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2 May 2019

This week’s renewable orders

Enel Green Power has brought the 34 MW Ngonye solar PV facility, in southern Zambia, and will sell the output energy to the state-owned utility Zesco through a 25-year power purchase agreement. Investment amounted to $40 million part funded through Zambia’s Industrial Development Corporation. The facility is expected to produce around 70 GWh per year, and was signed last June. Zambian electricity is dominated at present by hydro plants.

Bombora Wave Power has been chosen by Enzen to supply a grid connected wave farm in the Atlantic Ocean on the north side of Lanzarote, in the Spanish Canary Islands, off the coast of northern Africa. The first phase of the project will see 4 MW of capacity generated through an array of 1.5 MW mWaves submerged energy converters. This will supplement the island’s existing electricity supply which is currently produced largely by a diesel-fueled power station. This follows the installation of a 1.5 MW mWave in the Marine Energy Testing Area off the coast of Pembrokeshire, Wales. Due for completion in the summer of 2020, this demonstration project will run concurrently with the consenting process for the Lanzarote wave farm.

A solar system has been floated on the Langthwaite Reservoir in Lancashire, UK, by Northern Pontoon. The floating array supports 3,520 solar panels and is 7,200 square-meters in size and will provide 1 MW of power.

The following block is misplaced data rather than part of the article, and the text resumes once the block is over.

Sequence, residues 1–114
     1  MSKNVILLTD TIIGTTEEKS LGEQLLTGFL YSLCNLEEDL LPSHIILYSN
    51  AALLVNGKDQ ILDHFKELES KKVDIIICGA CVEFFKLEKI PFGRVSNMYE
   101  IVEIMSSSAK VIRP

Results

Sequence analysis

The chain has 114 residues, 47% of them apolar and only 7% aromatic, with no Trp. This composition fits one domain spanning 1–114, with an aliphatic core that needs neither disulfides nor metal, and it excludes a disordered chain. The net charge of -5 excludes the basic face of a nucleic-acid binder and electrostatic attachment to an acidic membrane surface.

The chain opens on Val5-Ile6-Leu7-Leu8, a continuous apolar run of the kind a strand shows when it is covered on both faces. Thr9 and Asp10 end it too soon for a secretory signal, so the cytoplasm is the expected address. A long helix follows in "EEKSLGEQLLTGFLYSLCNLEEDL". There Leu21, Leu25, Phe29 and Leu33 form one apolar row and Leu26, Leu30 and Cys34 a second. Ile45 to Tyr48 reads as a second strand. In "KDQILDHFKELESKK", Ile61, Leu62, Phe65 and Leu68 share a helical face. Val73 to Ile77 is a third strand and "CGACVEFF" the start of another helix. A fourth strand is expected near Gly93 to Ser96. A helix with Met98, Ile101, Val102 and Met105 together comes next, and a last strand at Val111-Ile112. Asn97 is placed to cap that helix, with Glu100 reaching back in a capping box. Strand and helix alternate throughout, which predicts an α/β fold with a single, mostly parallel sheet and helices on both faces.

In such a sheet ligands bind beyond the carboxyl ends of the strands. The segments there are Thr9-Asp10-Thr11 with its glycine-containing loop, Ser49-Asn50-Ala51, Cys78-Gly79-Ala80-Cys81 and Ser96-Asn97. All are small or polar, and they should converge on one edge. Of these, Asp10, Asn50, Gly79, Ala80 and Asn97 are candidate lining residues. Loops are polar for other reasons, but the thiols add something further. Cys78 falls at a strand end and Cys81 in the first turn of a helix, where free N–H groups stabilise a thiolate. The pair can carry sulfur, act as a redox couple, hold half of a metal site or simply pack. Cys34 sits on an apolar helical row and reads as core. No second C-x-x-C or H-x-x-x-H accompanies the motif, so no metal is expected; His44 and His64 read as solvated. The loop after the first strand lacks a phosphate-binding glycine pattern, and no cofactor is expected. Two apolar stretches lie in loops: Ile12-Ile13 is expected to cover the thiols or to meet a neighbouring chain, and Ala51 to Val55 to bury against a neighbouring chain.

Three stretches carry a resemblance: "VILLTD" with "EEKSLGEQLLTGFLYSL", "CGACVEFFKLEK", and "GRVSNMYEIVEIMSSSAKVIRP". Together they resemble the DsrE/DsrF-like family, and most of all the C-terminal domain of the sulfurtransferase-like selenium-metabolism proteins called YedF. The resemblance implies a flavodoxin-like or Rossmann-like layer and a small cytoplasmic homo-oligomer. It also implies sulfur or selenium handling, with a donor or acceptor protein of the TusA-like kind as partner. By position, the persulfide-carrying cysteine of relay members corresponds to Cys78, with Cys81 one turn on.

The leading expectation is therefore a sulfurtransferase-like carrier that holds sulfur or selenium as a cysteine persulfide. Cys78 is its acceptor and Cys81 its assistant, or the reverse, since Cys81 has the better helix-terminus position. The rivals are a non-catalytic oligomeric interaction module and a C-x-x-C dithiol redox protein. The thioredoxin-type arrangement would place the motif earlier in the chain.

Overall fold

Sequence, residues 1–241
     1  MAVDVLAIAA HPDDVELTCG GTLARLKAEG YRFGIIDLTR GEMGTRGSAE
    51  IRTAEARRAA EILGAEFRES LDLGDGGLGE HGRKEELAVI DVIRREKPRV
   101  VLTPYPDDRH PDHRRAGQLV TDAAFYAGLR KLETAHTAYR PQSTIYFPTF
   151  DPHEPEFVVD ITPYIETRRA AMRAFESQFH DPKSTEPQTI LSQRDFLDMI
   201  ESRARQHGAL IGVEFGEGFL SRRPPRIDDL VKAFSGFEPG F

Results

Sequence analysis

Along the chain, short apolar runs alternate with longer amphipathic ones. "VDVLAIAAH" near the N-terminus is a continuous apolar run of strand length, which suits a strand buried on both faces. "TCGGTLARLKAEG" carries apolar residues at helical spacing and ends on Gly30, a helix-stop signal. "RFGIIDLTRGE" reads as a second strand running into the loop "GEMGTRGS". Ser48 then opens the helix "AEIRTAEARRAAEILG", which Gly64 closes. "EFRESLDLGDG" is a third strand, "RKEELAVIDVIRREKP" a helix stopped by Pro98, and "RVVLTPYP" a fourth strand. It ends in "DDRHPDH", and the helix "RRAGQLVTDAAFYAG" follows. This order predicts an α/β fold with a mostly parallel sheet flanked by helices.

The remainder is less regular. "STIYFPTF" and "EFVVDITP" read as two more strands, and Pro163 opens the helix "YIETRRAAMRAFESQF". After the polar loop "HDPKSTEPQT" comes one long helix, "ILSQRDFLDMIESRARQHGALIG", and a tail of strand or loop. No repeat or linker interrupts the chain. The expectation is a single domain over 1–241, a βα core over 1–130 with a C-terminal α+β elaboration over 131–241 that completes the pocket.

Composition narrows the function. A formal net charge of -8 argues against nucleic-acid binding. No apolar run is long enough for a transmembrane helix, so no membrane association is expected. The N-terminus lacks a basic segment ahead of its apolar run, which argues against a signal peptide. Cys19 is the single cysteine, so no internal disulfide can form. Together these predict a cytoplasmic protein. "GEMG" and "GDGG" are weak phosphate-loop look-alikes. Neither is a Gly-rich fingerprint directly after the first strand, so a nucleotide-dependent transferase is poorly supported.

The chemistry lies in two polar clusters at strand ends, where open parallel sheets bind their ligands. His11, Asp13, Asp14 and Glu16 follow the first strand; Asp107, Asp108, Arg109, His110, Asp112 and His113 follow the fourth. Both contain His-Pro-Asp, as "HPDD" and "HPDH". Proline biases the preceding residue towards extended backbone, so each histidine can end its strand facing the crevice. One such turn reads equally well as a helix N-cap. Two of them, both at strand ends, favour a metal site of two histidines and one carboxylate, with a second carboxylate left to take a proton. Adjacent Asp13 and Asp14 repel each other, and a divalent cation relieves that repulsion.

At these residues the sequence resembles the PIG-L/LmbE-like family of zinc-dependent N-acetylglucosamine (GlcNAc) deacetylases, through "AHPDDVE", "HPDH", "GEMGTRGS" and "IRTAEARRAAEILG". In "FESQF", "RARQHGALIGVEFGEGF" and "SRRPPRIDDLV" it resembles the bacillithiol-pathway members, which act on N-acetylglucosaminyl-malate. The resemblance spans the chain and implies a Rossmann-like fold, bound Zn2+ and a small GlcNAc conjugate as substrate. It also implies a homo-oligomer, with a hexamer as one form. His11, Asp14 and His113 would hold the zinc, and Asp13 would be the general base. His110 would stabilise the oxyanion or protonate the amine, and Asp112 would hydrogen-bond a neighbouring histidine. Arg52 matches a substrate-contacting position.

None of GE, Siemens Gamesa or Vestas received a single order from bids placed for 6 GW of wind power in Ulanqab, Inner Mongolia. This is a massive project and is being developed by SPIC, one of China’s state-owned power producers. Chinese companies SEWPG (SEwind), Goldwind, CSIC Haizhuang, Mingyang and DEC all won wind turbine orders from the auction. The reason none of them could be competitive was because there was a premium placed on overseas bids and pricing was based on the price of existing coal plant electricity, which of course does not include the cost of building a coal plant. The Chinese market share for these three is just 5%.

AC Energy and the BIM group, based respectively in the Philippines and Vietnamm have switched on 3 solar power plants outputting 330 MW of power in Ninh Thuan in Vietnam. It is claimed this is the largest solar power plant in Southeast Asia. Investment was approximately $300 million and it used over 1 million solar panels.

Azure Power a solar power producer in India, said this week it will build a 150 MW solar plant in Bhadla in Rajasthan. This is the first phase of 200 MWs allocated to Azure Power by Solar Energy Corporation of India (SECI), a Government agency and the contract agreed a tariff of $0.036 per kWh over 25 years.